Legal Insights / Employment & Human Rights / Throwing A Party This Holiday Season? Reduce Your Hosting Risks Without Looking Like A Scrooge

Throwing A Party This Holiday Season? Reduce Your Hosting Risks Without Looking Like A Scrooge

Nov 21 2018

The Christmas season is upon us and that often means attending holiday parties to celebrate, either formally (workplace or association) or informally (friends or family).  Whatever the occasion, as a social or commercial host, if you’re providing alcohol at your event, you should know that you can be found liable if intoxicated employees or party guests are injured or cause injury to others.

Social vs Commercial Hosts

A social host is someone who holds a party at a house for friends and family while a commercial host generally involves a business such as a pub, bar or restaurant. Social hosts can be held responsible for their guests’ actions and commercial hosts may be liable to the general public.

An employer often falls between the categories of social host and commercial host, meaning that liability for negligence can extend from damage to the guests themselves and/or to the general public. Liability may also extend beyond the time a guest is at a party to events that occur after the guest has left, including if that person continued drinking at another location.

Types of Host Liability

Provider Liability is liability that is limited to individuals who serve or provide alcohol to a person who they know, or ought to know, is already intoxicated. As a provider, you will not be held liable for serving alcohol in a reasonable manner, even if the individual served later causes or suffers an alcohol-related injury. Provider liability requires the over-service of alcohol plus the presence of some other risk factor, such as obvious signs of intoxication or knowledge that the intoxicated person plans to drive.

Occupiers’ Liability, on the other hand, is liability limited to alcohol-related injuries that occur on a property due to negligently failing to safeguard entrants. This means the property must be in a physical condition deemed to be safe enough so that people can enter and participate in the planned event. An occupier is defined as anyone who has control over the condition or activities on the property – such as renting a hall or hosting a party – with the power to admit or exclude others.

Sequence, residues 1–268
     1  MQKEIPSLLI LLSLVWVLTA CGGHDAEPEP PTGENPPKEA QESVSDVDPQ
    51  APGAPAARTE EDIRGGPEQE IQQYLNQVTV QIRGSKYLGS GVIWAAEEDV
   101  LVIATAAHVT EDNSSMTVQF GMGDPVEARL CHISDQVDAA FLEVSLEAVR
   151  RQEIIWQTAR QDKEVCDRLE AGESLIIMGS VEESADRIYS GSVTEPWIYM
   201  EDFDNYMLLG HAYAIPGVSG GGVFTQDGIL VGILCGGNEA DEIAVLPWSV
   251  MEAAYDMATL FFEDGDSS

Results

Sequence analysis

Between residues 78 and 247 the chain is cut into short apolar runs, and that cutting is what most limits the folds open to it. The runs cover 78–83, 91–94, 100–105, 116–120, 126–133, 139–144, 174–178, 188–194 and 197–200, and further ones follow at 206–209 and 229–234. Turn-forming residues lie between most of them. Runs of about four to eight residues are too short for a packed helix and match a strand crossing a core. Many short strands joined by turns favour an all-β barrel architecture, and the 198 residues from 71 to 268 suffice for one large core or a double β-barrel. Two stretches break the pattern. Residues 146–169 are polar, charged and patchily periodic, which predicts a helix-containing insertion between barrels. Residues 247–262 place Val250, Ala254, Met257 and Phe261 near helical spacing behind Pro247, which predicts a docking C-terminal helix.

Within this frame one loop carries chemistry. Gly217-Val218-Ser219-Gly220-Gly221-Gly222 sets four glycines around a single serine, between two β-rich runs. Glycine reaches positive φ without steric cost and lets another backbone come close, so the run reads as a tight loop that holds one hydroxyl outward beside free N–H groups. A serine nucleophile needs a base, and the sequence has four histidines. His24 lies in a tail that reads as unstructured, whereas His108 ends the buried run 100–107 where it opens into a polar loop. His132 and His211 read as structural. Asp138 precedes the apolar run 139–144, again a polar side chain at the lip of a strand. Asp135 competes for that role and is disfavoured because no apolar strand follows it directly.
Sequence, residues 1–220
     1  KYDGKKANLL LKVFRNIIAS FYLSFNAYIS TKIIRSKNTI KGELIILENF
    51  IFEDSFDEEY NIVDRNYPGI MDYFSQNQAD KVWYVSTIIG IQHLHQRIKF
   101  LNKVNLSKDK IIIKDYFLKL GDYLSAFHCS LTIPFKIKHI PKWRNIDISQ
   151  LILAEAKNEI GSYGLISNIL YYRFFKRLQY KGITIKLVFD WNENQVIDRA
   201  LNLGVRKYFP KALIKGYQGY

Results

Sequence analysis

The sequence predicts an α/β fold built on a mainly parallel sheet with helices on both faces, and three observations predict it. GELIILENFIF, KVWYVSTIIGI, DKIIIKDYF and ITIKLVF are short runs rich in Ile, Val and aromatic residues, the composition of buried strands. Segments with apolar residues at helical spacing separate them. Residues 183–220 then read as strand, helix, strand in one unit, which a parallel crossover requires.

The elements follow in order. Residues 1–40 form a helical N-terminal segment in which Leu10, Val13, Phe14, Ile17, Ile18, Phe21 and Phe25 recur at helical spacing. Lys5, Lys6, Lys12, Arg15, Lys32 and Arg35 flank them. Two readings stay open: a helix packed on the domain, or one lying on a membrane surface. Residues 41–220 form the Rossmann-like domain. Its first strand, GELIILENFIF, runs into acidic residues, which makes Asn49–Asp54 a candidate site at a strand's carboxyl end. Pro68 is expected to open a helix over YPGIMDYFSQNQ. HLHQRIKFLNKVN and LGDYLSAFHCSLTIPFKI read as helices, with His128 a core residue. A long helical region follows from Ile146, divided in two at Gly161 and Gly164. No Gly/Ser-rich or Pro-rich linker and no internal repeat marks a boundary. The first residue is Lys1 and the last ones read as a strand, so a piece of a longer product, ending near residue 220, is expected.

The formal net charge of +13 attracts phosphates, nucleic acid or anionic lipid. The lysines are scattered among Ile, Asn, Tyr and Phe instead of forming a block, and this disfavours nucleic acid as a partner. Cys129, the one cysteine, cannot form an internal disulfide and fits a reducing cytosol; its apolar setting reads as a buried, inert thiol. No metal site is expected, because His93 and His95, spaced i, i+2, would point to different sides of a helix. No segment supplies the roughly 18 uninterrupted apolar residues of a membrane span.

Manage the risk, keep it merry

Being a good host means not only ensuring your guests have a good time, but are also protected from an environment that puts them in danger of getting injured or causing injury. An effective risk minimization plan involves planning, serving reasonably and supervising. By following these tips, everyone can have a good time and be safe.

  1. Check the premises for potential hazards before the event begins;
  2. Avoid offering a self-serve bar;
  3. Ensure your guests use drink tickets;
  4. Stop serving alcohol well before the event is schedule to end;
  5. Make food available so that drinking is not the main focus of the event;
  6. Designate someone (friend or family member, employer representative) to monitor guests’ behaviour and appearance;
  7. Have arrangements for intoxicated guests to get home safely.

Hosts: if you have questions about the party you have planned or someone is injured at your party, we can help with that.

Guests: if you are injured at a party this season and are unsure of your options, we can help with that.

Get in Touch


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